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Doctor Who: Ghosts of India Hardcover – 4 Sep 2008


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Product details

  • Hardcover: 256 pages
  • Publisher: BBC Books; 1st edition (4 Sep 2008)
  • Language: English
  • ISBN-10: 1846075599
  • ISBN-13: 978-1846075599
  • Product Dimensions: 11.9 x 2.8 x 18.5 cm
  • Average Customer Review: 4.3 out of 5 stars  See all reviews (7 customer reviews)
  • Amazon Bestsellers Rank: 415,871 in Books (See Top 100 in Books)

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Product Description

Book Description

The Doctor and Donna travel back in time to India, 1947 - from the bestselling series of Doctor Who sci-fi novels

About the Author

Mark Morris is the author of fourteen novels, including two previous Doctor Who books, and numerous novellas, short stories, articles and reviews, which have appeared in a wide variety of anthologies and magazines. He was born the year that Doctor Who began, but his earliest Who memory, from 1967, is of the Yeti ambling down the mountainside to attack the Det-Sen monastery in The Abominable Snowmen. His website can be found at www.markmorriswriter.com

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1 of 1 people found the following review helpful By Tim Bradley on 16 Oct 2014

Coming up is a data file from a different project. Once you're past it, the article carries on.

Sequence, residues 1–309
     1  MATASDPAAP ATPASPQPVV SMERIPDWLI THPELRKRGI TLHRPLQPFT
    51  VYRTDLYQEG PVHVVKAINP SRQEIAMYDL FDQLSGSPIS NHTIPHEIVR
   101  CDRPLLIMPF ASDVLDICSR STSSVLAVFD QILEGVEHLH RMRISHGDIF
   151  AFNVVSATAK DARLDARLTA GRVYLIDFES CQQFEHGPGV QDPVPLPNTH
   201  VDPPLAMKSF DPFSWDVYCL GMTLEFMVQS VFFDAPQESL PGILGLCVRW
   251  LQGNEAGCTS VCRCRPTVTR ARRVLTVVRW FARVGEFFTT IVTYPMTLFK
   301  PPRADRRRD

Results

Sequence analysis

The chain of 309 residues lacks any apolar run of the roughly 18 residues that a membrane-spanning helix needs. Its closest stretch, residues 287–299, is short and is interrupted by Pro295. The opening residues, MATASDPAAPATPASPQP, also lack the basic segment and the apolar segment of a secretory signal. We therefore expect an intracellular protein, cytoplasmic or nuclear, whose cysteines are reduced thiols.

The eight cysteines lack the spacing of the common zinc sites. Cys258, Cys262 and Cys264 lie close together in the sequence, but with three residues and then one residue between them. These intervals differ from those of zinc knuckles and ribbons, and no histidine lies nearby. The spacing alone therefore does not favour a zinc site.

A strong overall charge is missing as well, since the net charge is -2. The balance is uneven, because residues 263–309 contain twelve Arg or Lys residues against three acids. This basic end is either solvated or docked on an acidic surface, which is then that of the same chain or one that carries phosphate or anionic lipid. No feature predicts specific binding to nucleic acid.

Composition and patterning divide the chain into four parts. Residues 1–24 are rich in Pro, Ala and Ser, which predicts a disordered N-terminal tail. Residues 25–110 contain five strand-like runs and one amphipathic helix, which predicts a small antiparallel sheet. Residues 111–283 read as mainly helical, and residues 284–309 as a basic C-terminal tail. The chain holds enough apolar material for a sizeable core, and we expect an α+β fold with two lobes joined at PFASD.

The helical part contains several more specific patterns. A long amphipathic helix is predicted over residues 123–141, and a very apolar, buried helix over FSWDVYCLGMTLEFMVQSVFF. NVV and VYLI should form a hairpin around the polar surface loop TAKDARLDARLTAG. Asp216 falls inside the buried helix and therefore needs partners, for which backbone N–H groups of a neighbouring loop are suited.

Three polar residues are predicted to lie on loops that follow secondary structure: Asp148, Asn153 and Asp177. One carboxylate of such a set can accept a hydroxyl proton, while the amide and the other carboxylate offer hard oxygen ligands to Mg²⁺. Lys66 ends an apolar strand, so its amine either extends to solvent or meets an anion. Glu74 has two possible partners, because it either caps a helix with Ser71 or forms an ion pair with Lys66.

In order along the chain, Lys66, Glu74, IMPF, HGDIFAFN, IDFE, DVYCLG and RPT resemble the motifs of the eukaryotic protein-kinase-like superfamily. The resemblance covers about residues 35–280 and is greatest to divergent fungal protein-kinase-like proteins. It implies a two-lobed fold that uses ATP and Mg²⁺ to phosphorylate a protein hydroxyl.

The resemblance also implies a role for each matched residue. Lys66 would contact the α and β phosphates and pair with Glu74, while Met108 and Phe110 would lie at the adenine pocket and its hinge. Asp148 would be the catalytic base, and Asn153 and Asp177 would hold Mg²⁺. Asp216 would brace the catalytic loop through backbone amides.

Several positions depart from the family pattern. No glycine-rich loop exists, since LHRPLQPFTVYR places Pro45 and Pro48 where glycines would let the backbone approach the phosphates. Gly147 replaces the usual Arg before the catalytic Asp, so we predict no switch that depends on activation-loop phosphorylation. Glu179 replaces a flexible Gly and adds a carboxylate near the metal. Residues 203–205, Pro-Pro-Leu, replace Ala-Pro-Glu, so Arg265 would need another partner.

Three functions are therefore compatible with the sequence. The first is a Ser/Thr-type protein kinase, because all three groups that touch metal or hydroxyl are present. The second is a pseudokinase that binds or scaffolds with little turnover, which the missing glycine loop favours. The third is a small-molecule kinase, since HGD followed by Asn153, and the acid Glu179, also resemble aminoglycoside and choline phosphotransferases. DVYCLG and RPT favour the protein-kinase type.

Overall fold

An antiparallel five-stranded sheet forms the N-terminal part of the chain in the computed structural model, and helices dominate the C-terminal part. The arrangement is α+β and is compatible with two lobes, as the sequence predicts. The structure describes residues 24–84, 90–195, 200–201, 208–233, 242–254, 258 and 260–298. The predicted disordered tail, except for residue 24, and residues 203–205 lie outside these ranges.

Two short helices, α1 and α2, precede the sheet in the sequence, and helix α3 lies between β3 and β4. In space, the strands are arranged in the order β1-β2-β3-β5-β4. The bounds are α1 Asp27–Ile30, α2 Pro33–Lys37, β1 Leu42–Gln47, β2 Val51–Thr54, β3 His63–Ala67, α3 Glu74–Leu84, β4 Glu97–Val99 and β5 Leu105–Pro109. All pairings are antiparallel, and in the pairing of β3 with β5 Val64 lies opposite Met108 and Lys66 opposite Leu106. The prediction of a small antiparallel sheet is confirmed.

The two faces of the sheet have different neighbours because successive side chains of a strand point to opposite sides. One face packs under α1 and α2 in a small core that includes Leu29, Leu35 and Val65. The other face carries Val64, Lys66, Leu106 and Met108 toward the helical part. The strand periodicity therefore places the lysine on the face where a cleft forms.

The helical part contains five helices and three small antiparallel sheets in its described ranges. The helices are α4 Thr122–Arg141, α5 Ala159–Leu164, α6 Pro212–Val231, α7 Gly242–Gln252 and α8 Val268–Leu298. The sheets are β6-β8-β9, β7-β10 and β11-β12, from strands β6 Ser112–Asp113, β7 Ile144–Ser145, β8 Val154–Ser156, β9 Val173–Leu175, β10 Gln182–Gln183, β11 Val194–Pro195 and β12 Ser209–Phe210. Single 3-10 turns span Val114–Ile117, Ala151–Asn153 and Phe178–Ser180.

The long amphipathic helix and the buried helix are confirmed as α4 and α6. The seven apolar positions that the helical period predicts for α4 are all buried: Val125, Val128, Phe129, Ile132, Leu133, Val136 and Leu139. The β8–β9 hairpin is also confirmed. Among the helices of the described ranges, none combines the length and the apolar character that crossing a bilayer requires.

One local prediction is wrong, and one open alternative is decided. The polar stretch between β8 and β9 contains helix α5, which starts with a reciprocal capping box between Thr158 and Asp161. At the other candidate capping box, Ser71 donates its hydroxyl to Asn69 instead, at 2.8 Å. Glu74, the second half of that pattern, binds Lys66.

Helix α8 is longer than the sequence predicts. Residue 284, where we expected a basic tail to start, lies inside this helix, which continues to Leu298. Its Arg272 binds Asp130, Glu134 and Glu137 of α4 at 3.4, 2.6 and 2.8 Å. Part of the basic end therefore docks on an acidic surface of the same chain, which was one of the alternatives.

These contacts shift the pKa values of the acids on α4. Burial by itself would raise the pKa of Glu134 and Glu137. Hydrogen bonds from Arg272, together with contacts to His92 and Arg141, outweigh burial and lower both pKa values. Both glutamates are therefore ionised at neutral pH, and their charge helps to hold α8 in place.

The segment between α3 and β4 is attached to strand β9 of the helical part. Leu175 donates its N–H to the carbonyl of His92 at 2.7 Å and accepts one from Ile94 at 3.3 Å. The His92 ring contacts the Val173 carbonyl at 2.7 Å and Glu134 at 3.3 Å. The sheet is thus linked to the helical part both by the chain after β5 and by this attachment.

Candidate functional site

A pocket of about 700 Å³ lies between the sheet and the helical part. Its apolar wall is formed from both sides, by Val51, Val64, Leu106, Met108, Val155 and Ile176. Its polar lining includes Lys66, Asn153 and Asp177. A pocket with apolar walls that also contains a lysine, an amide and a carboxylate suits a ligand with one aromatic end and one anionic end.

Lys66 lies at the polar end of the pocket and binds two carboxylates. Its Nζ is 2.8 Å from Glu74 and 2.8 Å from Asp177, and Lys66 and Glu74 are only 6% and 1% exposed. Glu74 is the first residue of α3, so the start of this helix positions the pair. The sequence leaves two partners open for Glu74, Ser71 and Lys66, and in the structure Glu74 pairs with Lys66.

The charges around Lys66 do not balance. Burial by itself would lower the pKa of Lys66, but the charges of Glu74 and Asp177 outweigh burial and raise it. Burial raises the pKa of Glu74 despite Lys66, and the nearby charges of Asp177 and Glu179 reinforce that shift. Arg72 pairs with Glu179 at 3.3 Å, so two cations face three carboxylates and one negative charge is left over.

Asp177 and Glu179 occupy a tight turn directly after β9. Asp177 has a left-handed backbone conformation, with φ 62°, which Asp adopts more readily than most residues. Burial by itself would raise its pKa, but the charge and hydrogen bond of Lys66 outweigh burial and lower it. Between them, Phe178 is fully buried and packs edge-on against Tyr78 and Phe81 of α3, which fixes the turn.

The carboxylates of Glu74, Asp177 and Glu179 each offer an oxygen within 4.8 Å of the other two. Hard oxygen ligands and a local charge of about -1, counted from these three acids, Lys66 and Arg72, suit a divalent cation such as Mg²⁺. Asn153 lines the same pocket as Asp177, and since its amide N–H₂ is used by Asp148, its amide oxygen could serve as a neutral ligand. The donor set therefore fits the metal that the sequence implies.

Format: Audio CD Verified Purchase
I enjoyed listening to this audiobook of a Doctor and Donna story.

This is a 2-disc CD audiobook based on the BBC `Doctor Who' new series novel by writer Mark Morris. It's an abridged reading of the full-length novel which makes this a 2 by 75 minute story (2 hours and 30 minutes in total). There aren't any sound effects or music to accompany this audiobook unfortunately as it's just a reading of a 'Doctor Who' story.

The audiobook of `Ghosts of India' is read by David Troughton. I've had the pleasure of meeting David Troughton at a convention in Newcastle last year. David is the son of Second Doctor Patrick Troughton. David has appeared in `Doctor Who' before in the classic series in the stories `The Enemy of the World' and `The War Games' with his father; and `The Curse of Peladon' with Jon Pertwee. He's recently appeared in the new series with David Tennant's Doctor in the episode called 'Midnight'.

When I asked David Troughton to sign the CD cover of this audiobook for me, he said he wasn't sure whether he'd done a good job on capturing David Tennant's Doctor. But after listening to this recently, I found David makes the Tenth Doctor really sound authentic and captures David Tennant's essence when reading the character, getting the mannerisms and quirkiness absolutely right. Especially since David Troughton worked with David Tennant in the TV series, it's no surprise he's got the Tenth Doctor right.

The actual story of `Ghosts of India' is about the Doctor and Donna visiting Calcutta in 1947. They hope to get a curry there. Instead, they're caught up in a swirl of violent events with people being abducted by half-made men with faces white as salt.
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Format: Hardcover
Mark Morris has delivered another cracking story for the BBC range of original Tenth Doctor novels. Along with his companion Donna Noble, the Timelord finds himself at the centre of a series of mysterious events in post-war India.